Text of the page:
Featured Farmer - Ruben Waldner

Posted: 11/3/2014

As Thanksgiving nears, turkey is a hot topic.  Discussions of how to prepare, how to serve and what to do with leftovers from the traditional holiday feast take center stage in many families. 

ruben_1.JPGBut for Ruben Waldner, turkeys are a top priority all year long.  Ruben is responsible for raising about 160,000 turkeys each year on the Riverside Colony, a Hutterite colony of about 125 people, located near Huron.  

Turkeys arrive at the farm as day old poults, or chicks, from a nursery in Minnesota.  They are cared for in a special barn called a “brooder house” for the first 28 days.  They are watched carefully and fed a ration of corn, soybean meal and vitamins.  At 28 days, the birds are moved to another barn where they are raised until they are about 20 weeks old.  The rations change slightly as the birds grow, but are still the same ingredients. 

Waldner combines 30 years of experience with state of the art technology to care for turkeys. 

Turkeys are raised in indoor barns to protect them from South Dakota weather, predators and disease.  The climate control and ventilation systems in the barns are managed by computers to ensure a consistent temperature, humidity and airflow regardless of the weather outside.

The barns also have scales built into the floors that can provide an estimate of how turkeys are growing.  Ruben can check the scales each day to track the birds’ health.

“If their weight gain slows down or stops, it is a signal that something might be wrong.  I can watch those birds even more closely to make sure they stay healthy,” he said.

Another important part of maintaining health flocks is keeping barns clean and maintained.  After each group of birds leave the brooder house, it is cleaned and disinfected before the next groups of chicks arrive.

“We clear out all the old bedding, wash the floors with soap and water, then disinfectant.  We spread a new layer of clean wood shaving bedding, and are ready for the next group of poults,” he said.

The colony started with turkey production in the 1990s as they transitioned away from dairy farming.

“Our dairy barn needed a lot of updates and dairy prices weren’t very good at the time.  We were looking for a new enterprise, and started small with turkey production,” said Ruben.

They started with one barn that was split into two sections:  one for the brooder house and the other for growing birds.   Over the years, the colony has built four additional barns to reach the current capacity for raising 160,000 turkeys a year.  Like all other turkey producers, Riverside Colony is regulated and permitted through the state of South Dakota.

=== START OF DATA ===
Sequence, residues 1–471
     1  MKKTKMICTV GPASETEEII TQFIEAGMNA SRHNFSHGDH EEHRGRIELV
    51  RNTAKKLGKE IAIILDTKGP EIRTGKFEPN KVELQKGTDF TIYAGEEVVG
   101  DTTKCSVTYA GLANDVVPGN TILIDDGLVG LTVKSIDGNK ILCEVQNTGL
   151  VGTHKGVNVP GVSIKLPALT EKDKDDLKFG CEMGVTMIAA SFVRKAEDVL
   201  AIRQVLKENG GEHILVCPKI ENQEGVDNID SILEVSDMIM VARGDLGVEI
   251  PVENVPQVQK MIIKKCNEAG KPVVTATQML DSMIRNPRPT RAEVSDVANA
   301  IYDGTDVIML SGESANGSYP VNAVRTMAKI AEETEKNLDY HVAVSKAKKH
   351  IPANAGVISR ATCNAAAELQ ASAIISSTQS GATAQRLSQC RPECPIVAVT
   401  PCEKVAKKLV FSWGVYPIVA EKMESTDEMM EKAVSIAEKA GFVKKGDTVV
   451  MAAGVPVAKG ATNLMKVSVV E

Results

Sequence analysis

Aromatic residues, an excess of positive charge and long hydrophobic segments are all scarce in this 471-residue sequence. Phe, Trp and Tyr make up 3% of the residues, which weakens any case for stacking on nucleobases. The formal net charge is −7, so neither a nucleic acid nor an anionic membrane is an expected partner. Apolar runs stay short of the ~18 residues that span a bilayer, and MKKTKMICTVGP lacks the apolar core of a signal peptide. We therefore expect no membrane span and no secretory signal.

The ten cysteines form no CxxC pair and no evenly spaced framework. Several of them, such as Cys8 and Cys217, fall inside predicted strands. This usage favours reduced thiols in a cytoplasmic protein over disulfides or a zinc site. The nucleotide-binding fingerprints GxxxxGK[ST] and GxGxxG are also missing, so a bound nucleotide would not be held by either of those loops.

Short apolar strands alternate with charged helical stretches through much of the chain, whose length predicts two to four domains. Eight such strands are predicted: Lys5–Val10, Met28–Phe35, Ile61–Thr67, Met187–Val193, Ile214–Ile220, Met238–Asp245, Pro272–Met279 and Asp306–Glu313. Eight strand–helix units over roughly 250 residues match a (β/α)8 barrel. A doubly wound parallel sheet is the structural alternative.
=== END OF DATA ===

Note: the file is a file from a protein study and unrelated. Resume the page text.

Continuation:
Turkey production is part of a diversified farming operation for the Riverside Colony.  They grow corn and soybeans and raise about 30,000 hogs each year.  All the corn produced is fed to the farm’s pigs or turkeys. Soybeans are taken to a processing plant in Volga where they are processed, and the colony purchases back the soybean meal for feed.

ruben2.JPG“Feeding corn and soybeans to the animals is a great way to add value to the crops we raise,” he said.  “Raising pigs, poultry and crops also helps manage the price cycles – if prices are down for one commodity, hopefully they are higher for another and they balance each other out.”


All of the turkeys raised at Riverside Colony are processed just eight miles away at Dakota Provisions in Huron, said Ruben.


Dakota Provisions was built by a cooperative of 44 turkey growers who recognized the need for a stable market for the turkeys they raised.   Groundbreaking was held in September 2004 and the plant began processing turkeys in December 2005.  The plant produces a full line of ready-to-eat turkey and other protein products, primarily for food service customers.  The state of the art facility can process up to 20,000 turkeys a day and employs more than 700 people.

Ruben and his wife Ruth have four grown children, three daughters and one son.   Having responsibility for the colony’s turkey flocks is a good fit for him, according to Ruben. 

“I’ve always loved animals.  My goal is to keep the birds as healthy as possible.”


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